Mega-tsunamis stoke up solar atmosphere
U. SHEFFIELD (UK)—Physicists from the University of Sheffield are scheduled to reveal their recent discovery of transition region quakes on the Sun. The finding could shed light on solar mega-tsunamis.
The discovery also may hold the key to understanding the long-standing secret of coronal heating.
The team will deliver their findings to an audience of MPs both from the United Kingdom’s House of Commons and the House of Lords.
The solar transition region is located about 2,000 km above the Sun’s visible surface. It is the narrow layer of sharp transition in density and temperature between the relatively cool solar chromosphere, which reaches temperatures of about 10-20,000 Kelvin, and the very hot upper corona, which sees temperature hit 1-10 Megakelvin.
The way in which the solar corona is heated to temperatures of over a million degrees has so far remained a long-standing puzzle of solar and space physics, especially as this region of the Sun is even further away from the centre of energy production than the underlying solar surface.
Physicists at Sheffield have addressed this enigma by discovering that transition region quakes power the lower base of the solar corona.
The quakes take the form of mega-tsunamis generated by narrow (a few 100 km radius), long (10-40,000 km) rapidly rising (10-100 km/s) plasma jets.
When these jets hit the transition region, they excite a wealth of transition region quakes that have now been observed and modelled for the first time.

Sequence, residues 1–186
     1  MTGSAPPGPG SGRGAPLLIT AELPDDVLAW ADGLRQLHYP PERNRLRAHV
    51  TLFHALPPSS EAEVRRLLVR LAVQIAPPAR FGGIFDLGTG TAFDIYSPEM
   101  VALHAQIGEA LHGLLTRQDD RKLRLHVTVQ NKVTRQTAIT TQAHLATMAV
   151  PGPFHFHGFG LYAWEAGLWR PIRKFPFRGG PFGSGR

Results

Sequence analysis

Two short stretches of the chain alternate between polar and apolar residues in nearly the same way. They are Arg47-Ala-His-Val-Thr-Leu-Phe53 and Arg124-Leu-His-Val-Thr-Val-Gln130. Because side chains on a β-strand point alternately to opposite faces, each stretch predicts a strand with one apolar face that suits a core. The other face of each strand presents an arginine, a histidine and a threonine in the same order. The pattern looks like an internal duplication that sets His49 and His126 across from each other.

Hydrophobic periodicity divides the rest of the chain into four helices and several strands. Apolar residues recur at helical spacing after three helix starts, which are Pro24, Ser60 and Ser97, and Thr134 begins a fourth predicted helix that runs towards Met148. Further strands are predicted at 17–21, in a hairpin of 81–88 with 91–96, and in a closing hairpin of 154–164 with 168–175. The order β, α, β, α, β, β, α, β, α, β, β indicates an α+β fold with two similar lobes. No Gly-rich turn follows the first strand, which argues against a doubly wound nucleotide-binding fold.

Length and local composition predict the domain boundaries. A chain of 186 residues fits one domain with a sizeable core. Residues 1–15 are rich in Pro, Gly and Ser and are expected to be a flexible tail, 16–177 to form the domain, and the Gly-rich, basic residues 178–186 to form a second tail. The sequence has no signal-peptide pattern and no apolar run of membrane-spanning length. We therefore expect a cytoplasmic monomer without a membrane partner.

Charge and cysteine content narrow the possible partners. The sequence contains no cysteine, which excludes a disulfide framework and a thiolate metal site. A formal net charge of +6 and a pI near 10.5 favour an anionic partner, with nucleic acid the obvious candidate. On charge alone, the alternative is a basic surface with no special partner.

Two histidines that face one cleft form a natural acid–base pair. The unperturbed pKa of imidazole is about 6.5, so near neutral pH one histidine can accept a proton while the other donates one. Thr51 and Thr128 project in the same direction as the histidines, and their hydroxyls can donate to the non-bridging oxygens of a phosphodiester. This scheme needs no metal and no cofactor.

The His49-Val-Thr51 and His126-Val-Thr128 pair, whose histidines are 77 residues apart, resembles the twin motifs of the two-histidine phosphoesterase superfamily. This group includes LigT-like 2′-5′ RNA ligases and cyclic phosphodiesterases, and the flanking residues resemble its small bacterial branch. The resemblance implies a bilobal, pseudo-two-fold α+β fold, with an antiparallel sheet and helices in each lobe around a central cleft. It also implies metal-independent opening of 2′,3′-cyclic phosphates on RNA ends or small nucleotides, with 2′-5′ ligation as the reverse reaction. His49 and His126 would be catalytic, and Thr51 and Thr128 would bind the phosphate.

The breakthrough has allowed scientists to estimate that at any moment of time there are about 60,000 of these mega-tsunamis splashing and crashing around the transition region.
Colleagues at the Solar Physics and Space Plasma Research Centre (SP2RC) and at the Solar Wave Theory Group (SWAT) devoted many years of research to understand this energy balance and wave processes of the solar atmosphere by using a combined approach of analytical theory, numerical modelling using a supercomputer Iceberg in Sheffield and the UKMHD Cluster in St Andrews, as well as joint satellite observations involving more than one spacecraft simultaneously.
The next step for the team will be to investigate the properties of this torrential sea and focus on the details of transferring the tsunami energy into plasma heat.
“This is indeed a very promising and fantastic result, says Robertus von Fay-Siebenburgen, professor in the Department of Applied Mathematics and head of SP2RC.
“We may now get a step closer to resolve one of the greatest puzzles of astrophysics—why the atmosphere of stars, like the Sun, is so much hotter than its surface.
“A number of international space missions are devoted to studying the heating of the solar atmosphere.
“With the Japanese-lead Hinode satellite on board the high-resolution UK-built EIS camera that we have used in this research, we were very lucky to observe these massive and energetic waves.
“This leap forward will certainly help us reveal the secrets of the Sun.”
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